The name Lord Byron is familiar to most people with an interest in history. George Gordon, 6th Baron Byron, is one of Britain’s most famous poets. He died in 1824 having no legitimate sons, but he had a cousin who inherited the title of Lord Byron. This man signed the visitors’ book at Chatsworth on 23 September 1841.

George Anson Byron, 7th Baron Byron (1789-1868), joined the Royal Navy in 1800. He served in the Napoleonic Wars and became a captain in 1814.

In 1824 the King and Queen of Hawaii, Kamehameha II and Kamāmalu, paid a state visit to Britain. Tragically, both of them died of measles during the visit. It was one of numerous illnesses that had only recently appeared in Hawaii, brought to the island by traders and explorers from Europe and America. This meant that there was very little natural immunity to it amongst the local population.

The decision was made to take the King and Queen’s bodies home for burial. Lord Byron was given the task of transporting the royal couple on their final journey.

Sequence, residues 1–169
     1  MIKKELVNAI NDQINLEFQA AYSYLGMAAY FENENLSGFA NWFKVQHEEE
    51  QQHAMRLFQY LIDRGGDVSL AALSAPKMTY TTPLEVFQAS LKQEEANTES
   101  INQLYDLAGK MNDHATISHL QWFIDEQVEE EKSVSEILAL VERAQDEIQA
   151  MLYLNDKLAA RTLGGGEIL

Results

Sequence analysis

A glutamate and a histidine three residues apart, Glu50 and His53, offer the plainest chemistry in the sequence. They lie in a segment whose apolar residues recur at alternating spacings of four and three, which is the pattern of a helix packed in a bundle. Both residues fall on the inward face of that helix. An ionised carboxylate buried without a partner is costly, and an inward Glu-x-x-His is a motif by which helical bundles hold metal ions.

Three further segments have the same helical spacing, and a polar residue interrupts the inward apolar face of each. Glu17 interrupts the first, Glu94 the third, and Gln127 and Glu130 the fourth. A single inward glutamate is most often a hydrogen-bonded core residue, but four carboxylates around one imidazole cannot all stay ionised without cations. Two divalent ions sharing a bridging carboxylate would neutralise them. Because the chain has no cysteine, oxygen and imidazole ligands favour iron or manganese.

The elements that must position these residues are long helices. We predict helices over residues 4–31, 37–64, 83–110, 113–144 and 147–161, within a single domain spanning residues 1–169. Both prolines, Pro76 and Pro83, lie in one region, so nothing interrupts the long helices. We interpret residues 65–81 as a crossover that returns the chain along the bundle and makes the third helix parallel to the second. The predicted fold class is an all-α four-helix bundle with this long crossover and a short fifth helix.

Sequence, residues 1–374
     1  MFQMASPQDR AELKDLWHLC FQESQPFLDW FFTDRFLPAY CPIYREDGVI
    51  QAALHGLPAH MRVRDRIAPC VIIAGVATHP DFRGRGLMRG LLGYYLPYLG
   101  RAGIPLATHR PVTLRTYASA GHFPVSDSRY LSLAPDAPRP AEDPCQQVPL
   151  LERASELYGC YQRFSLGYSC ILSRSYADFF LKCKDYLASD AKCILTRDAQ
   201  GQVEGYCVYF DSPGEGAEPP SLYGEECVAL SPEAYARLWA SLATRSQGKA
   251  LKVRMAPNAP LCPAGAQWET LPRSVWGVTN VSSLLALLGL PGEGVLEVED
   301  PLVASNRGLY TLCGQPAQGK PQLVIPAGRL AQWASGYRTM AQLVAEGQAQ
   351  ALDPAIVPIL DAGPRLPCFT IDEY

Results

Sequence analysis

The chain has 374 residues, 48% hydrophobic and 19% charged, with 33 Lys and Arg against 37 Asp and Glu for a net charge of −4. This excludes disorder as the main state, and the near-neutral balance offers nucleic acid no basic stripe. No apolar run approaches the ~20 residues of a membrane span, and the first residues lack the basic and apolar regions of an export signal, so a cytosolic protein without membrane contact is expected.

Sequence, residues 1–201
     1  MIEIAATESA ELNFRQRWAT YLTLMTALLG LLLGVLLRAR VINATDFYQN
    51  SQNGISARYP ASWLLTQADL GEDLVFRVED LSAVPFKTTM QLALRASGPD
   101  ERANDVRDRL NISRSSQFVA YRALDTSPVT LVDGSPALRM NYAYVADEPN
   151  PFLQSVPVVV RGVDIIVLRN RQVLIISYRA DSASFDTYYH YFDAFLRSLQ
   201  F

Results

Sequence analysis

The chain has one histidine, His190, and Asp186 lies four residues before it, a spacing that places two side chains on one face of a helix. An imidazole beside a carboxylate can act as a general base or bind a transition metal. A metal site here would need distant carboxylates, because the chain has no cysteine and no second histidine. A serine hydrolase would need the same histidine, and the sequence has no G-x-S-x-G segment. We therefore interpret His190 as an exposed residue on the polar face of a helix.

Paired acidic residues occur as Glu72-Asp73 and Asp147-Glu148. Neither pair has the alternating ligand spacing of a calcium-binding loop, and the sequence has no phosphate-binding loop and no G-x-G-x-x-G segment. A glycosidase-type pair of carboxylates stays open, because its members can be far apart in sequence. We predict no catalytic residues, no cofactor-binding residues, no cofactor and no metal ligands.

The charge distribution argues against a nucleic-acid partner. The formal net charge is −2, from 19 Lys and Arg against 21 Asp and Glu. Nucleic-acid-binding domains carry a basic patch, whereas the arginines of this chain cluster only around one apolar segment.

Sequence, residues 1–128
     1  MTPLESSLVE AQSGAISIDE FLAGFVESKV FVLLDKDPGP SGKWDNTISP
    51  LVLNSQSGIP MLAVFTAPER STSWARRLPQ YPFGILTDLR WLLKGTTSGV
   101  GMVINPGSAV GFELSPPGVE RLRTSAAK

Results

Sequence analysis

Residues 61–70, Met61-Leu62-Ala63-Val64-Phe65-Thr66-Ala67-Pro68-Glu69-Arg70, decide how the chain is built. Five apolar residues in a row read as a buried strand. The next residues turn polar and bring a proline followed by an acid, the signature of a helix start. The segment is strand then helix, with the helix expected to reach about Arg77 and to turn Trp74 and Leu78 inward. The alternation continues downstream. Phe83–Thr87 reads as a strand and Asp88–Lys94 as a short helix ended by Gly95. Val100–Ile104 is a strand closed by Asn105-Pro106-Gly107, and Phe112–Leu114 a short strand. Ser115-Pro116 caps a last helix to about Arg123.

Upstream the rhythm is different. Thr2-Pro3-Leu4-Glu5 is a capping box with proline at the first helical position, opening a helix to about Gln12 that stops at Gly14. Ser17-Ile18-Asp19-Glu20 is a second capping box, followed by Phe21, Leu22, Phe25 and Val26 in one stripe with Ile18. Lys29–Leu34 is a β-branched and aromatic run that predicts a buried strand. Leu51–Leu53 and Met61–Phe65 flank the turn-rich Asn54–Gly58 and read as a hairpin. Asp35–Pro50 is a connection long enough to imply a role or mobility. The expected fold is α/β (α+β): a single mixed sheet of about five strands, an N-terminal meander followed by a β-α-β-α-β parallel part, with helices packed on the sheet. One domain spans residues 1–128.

He was accompanied on this voyage by several naturalists. While in Hawaii he toured the islands and noted his observations. In a move that would be condemned today, he removed native artefacts from a ruined temple and brought them back to England. On the way home in 1825, he and his men made the first charts of three Pacific islands: Malden, Parry and Starbuck Islands.

The 7th Baron Byron was very different in temperament to his poet predecessor. He married Elizabeth Mary Chandos-Pole of Radbourne Hall in 1816. They had seven children, one of whom would become the 8th Baron Byron.

We do not know whether the 6th Duke of Devonshire ever met Lord Byron. On the date of Byron’s visit to Chatsworth, the Duke had just travelled to his London home, Devonshire House. However, if they did ever meet, then they might have found some common ground. The 6th Duke travelled across Europe, as far as Istanbul. He took a keen interest in botany and scientific developments. He may have bonded easily with a man who also travelled widely and had a thirst for new knowledge.

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